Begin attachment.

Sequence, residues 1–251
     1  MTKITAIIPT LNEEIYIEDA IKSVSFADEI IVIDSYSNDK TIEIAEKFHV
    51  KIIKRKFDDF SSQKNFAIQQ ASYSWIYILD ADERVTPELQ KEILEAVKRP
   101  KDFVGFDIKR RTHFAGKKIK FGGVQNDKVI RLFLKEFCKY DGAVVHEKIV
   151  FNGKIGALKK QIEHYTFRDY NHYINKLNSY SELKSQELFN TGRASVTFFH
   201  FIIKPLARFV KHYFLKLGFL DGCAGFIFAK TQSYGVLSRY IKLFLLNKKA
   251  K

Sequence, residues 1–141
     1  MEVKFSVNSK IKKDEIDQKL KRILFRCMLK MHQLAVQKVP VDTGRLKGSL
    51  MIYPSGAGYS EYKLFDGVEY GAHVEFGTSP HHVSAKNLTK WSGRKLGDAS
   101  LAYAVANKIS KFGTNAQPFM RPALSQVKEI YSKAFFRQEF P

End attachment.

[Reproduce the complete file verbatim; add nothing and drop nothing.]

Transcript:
Sequence, residues 1–251
     1  MTKITAIIPT LNEEIYIEDA IKSVSFADEI IVIDSYSNDK TIEIAEKFHV
    51  KIIKRKFDDF SSQKNFAIQQ ASYSWIYILD ADERVTPELQ KEILEAVKRP
   101  KDFVGFDIKR RTHFAGKKIK FGGVQNDKVI RLFLKEFCKY DGAVVHEKIV
   151  FNGKIGALKK QIEHYTFRDY NHYINKLNSY SELKSQELFN TGRASVTFFH
   201  FIIKPLARFV KHYFLKLGFL DGCAGFIFAK TQSYGVLSRY IKLFLLNKKA
   251  K

Sequence, residues 1–141
     1  MEVKFSVNSK IKKDEIDQKL KRILFRCMLK MHQLAVQKVP VDTGRLKGSL
    51  MIYPSGAGYS EYKLFDGVEY GAHVEFGTSP HHVSAKNLTK WSGRKLGDAS
   101  LAYAVANKIS KFGTNAQPFM RPALSQVKEI YSKAFFRQEF P